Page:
|Title:||The Adventures of Tom Sawyer|
I moved around a lot when I was a kid. In fact we moved so often I am still regularly asked if my father was in the military whenever my childhood comes up in conversation.
Moving a lot has any number of repercussions, one of which is that the regular changes in school district mean you see no one system's complete education plan from start to finish, and often wind up suffering overlap or missing things in the process. I'll never forget my move from Kansas to Illinois, where - halfway through my sophomore year of high school - I was stuck into a freshman biology class and bored out of my mind.
In my Kansas school, biology had been a difficult class, taught very well. But in the Illinois school it was taught to younger students and didn't cover nearly as much material. I sat in the back of that new classroom and waited for the teacher to call on me. "Does anyone know the answer to the question? I'll bet Jeff does. Jeff?" And sure enough I did. Every stinking time. In half a year in Kansas we'd covered everything that class was ever going to cover, and in spite of the fact that the teacher tried, I really hated being there.
I had similar experiences with English classes. The first day of the 9th grade English we were given a test just to see what we did and didn't know. I was working along answering questions and came to the statement: "Diagram this sentence." Some (now forgotten) sentence followed that, and then a large, blank space on the page. I had no idea what was being asked of me. I'd never seen nor even heard of diagramming sentences at the time. I wandered up to the teacher's desk and asked what this meant. She told me not to worry about it and go on.
And the oddities don't stop there. Literature is another place where my education got out of whack. I know I read Julius Caesar at least three times in various schools. Correspondingly there are all kinds of things I never managed to read, and that list includes The Adventures of Tom Sawyer. Well, now I have read it, and I'm wondering what all the fuss is (or was) about.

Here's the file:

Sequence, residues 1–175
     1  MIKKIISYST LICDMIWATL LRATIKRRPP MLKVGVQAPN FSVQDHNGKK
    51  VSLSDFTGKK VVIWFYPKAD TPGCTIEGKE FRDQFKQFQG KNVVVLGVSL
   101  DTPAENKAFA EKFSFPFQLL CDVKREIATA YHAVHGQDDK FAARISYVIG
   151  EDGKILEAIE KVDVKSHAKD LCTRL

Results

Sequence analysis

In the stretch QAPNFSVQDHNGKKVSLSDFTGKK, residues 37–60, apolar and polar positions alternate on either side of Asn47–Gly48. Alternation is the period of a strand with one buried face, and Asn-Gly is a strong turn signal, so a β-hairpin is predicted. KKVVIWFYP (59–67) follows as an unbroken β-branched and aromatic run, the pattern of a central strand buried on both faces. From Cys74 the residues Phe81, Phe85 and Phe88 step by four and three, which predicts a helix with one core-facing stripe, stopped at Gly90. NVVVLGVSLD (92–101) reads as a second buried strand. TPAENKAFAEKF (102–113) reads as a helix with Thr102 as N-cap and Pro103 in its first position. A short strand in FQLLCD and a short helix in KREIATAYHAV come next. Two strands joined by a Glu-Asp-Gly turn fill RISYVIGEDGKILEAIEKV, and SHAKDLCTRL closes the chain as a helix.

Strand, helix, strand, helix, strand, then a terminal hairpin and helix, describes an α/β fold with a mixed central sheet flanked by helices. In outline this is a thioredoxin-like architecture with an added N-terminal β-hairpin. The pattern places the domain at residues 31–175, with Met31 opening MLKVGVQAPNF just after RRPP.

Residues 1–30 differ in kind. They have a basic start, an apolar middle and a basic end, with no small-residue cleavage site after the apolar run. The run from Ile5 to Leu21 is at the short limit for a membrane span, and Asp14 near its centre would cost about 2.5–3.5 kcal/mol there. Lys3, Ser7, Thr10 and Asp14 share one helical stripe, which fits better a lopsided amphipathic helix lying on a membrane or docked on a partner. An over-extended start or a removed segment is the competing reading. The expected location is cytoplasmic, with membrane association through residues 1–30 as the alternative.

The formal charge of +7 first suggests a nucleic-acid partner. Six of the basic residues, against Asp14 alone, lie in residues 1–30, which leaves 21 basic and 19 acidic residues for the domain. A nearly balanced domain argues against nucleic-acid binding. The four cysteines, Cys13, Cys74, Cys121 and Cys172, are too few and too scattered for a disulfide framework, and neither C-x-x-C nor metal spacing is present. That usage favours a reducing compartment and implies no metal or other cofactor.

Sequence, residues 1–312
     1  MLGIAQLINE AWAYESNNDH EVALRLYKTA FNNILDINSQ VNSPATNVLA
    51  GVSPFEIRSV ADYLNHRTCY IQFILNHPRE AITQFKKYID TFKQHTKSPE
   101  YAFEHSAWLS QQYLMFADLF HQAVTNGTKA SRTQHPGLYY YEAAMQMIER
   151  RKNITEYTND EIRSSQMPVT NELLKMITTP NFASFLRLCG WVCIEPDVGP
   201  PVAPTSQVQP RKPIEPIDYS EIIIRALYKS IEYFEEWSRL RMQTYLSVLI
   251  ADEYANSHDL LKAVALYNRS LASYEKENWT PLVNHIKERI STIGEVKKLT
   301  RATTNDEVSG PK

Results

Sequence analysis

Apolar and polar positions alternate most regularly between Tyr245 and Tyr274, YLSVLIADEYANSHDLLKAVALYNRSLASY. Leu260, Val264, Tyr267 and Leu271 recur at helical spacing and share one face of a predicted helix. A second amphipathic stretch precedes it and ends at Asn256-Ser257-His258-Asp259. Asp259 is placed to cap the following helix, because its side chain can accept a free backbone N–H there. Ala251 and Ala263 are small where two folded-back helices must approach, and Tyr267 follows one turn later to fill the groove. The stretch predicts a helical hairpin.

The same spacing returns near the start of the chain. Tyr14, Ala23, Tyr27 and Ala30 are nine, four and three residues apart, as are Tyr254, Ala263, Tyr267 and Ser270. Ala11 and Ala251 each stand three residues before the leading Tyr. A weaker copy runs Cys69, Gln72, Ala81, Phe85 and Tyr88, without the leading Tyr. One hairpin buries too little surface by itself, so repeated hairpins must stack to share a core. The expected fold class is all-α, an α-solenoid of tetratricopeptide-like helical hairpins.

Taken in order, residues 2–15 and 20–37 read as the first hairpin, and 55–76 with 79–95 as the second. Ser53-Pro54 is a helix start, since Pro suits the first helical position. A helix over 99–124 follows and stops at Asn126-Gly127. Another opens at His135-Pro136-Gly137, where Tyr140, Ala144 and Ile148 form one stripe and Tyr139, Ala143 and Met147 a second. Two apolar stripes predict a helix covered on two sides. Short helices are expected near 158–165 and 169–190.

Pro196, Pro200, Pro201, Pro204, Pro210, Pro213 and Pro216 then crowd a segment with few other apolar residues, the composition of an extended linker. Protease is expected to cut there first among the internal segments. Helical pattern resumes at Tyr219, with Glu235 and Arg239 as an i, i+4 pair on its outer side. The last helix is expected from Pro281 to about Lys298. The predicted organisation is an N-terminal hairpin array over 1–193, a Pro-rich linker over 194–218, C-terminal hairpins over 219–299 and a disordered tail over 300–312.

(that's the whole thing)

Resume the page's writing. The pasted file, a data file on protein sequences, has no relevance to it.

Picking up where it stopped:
Perhaps if I'd read it when I was twelve it would have made more of an impact, but at the age of 42, it seems rather pointless. What happens is fairly predictable, and yet it's not really all that believable. Tom winds up in too many situations that just don't ring true to me, and they certainly happen far too quickly. Amusingly, the most famous scene - in which Tom tricks the neighborhood kids into painting a fence for him - is near the beginning of the book, raising the question of just how many people actually read the entire thing.
I'll give it a pass for it's treatment of native Americans and blacks. It is a product of it's time, as was Samuel Clemens. I'll also forgive the use if dialect, which I generally find only obscures the author's intent. And I'll ignore the author's word choice. It was probably just fine for the time it was written, but a number of those words have dropped out of the dictionary since 1876.
More problematic, in my mind, is the apparent anti-intellectualism I see here. Sawyer and his friends are the most superstitious lot imaginable, and few in the town are any better. It's easy to see the American nation turning its collective back on the enlightenment if you read this in the right way.
In addition, while I've read that Twain wasn't a friend to Christianity in his later years, he mentions religion quite regularly here. Perhaps he was only chronicling how people really lived and believed at the time. Perhaps he's poking fun at it in some places, but in others he seems sincere, and I found it a bit distracting.
I know this book is a classic, but I've had my battles over classics before. I remember coming home one day from school and telling my mother we were reading Of Mice and Men by John Steinbeck. I hated every single word of that book, and I told her so. Knowing me, I was probably quite loud in my presentation of that opinion. She responded in kind - I come from a loud family - and told me that I had to like it because "it's a classic!"
I've been a bit leery of classics ever since, but as the irregularly spaced interruptions of my education continued, I didn't have to read many of them. By reading The Adventures of Tom Sawyer I've now moved one of those missed classics on the list of things I've actually read.